Black History Month spans February. With the successes of historical figures, sports icons and recent political endeavors, African-American heritage is well on display throughout not only the United States, but the world. In the 1980s, teachings revolved around some of the most influential African-Americans to that point, ranging from George Washington Carver to Hank Aaron. In a more modern world, educators--whether they are parents, teachers or community leaders--depend on those influences, as well as newer, more recognizable names to celebrate the importance of Black History Month.
The Importance of the Holiday
The importance of Black History Month is never more evident than it is in schools. The problem is, by design, the holiday lasts for a month, so the interest often is scattered and without focus. Using Day 1 to identify the month as a holiday is as important as the month of February itself. Once the importance is registered through conversation and acknowledgment, the fun begins. Start by identifying the important African-Americans in your audience's life. This may not be someone everyone else finds significant, but learning about someone new is the main objective. It is possible that figures will overlap, and this is perfect. Conversation, even debate, about character is important and stimulating.
The Importance of the People
Using the second day to establish the previous day’s implemented theme. "Black History Month: Day 2" will increase the concerted effort to celebrate the day-to-day importance of holiday. By now, the theme is inherent: Every day is a part of Black History Month. With the start of every day as an acknowledgment, following up with an activity is key, and easier said than done. Here are some ideas: There is one part of Black History that ties everyone together--The People. While educators tout the genius of individuals such W.E.B. Du Bois, the interest level may lie more closely to the genius of Jay-Z. Know your audience, and do not be afraid to learn something new, even if you are the educator. Use each day as a biographical frame for an influential African-American, and keep everyone on the same page regarding the requirements. Assign influential African-Americans to your audience for biographical purposes. It does not have to be a paper, or a presentation, just a quick, specific "five-W" rule recap: Who is the person, what made her important, when was his influence applicable, where was the influence practiced, why is this person important.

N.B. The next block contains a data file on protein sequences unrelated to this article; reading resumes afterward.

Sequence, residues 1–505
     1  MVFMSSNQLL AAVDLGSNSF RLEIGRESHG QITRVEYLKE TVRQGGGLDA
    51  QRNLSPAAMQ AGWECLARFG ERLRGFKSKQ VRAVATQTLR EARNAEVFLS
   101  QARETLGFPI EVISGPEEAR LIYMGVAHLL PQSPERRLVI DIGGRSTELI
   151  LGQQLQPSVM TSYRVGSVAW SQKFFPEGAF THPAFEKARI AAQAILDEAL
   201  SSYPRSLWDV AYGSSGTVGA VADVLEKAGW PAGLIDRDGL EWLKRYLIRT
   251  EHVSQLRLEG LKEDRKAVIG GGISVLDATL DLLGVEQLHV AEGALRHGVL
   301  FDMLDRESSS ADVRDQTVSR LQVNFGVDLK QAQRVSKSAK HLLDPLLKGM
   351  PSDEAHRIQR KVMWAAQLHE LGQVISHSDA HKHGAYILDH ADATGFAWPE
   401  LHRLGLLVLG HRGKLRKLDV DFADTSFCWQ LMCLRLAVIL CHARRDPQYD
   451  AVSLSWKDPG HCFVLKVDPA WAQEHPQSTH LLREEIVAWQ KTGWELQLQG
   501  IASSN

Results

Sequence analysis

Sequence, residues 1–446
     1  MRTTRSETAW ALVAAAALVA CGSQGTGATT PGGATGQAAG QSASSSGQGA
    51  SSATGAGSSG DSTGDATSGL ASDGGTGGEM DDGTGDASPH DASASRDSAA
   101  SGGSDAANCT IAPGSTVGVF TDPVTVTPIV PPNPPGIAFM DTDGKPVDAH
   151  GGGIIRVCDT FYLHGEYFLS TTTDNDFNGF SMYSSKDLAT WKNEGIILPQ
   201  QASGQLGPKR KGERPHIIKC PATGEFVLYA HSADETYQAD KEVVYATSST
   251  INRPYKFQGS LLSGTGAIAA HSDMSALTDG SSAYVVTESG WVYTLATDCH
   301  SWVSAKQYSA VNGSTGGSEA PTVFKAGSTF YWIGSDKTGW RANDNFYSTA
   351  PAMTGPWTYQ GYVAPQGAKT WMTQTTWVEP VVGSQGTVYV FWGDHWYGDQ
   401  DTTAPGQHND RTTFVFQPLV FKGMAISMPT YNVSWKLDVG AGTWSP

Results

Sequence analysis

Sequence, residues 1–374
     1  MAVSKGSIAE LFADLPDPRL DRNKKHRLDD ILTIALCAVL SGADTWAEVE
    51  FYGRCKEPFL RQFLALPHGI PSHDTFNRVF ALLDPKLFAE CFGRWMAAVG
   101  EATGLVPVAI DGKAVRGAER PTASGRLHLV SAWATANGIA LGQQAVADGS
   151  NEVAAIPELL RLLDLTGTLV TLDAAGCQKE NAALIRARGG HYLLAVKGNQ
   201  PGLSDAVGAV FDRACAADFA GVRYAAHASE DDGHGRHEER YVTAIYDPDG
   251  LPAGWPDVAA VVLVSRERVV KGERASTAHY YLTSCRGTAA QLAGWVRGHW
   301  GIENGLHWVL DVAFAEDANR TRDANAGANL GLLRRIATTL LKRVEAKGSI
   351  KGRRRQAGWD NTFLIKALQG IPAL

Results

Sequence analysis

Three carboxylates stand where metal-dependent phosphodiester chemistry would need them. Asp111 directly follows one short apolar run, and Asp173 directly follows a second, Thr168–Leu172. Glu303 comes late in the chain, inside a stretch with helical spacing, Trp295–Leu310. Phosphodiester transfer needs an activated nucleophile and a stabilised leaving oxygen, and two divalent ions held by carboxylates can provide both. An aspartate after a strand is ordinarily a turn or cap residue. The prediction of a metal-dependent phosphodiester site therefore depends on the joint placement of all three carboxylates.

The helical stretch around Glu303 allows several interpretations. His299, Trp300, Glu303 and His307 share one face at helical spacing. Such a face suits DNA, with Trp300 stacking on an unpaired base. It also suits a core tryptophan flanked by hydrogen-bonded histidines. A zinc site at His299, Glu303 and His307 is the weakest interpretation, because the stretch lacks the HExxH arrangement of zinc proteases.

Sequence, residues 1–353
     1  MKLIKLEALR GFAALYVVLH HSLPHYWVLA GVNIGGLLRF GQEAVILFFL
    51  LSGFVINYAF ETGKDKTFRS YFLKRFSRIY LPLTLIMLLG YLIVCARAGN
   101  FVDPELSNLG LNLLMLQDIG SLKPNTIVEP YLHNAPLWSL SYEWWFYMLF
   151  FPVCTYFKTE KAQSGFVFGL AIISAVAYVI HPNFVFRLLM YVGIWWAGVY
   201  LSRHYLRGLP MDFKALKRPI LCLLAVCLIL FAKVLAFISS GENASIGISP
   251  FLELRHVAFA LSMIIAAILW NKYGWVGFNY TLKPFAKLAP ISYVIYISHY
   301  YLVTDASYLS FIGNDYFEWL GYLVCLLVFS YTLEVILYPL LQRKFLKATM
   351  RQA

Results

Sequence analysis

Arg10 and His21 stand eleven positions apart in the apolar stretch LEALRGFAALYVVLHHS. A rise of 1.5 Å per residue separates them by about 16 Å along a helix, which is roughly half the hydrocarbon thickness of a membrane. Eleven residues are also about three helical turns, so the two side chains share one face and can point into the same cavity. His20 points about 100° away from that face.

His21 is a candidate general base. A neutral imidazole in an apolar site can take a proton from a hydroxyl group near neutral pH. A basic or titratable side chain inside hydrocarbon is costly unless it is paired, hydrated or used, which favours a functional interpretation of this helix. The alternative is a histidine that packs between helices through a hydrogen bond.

The Importance of Day to Day
Combining a day-to-day celebration with a list of individuals to research is at your fingertips, and may promote further research on the subject during personal time, based on intrigue. InfoPlease.com lists 500 African-American biographies. That's about enough for a class of 25 students to each pick a different person, every school day, for the entire month of February. With the biographies available, the child would simply have to abstract the who, what, when, where and why particulars and present a talk to the class. Want to add a twist to the process? Time it. To add a bit of speaking-control education to the celebration, inform the presenter that he has 60 seconds to convey the vast information to be quickly digested, entertaining and varying enough day to day to keep everyone involved, and looking forward to Black History Month: Day 3 (and 4, and 5 and 6).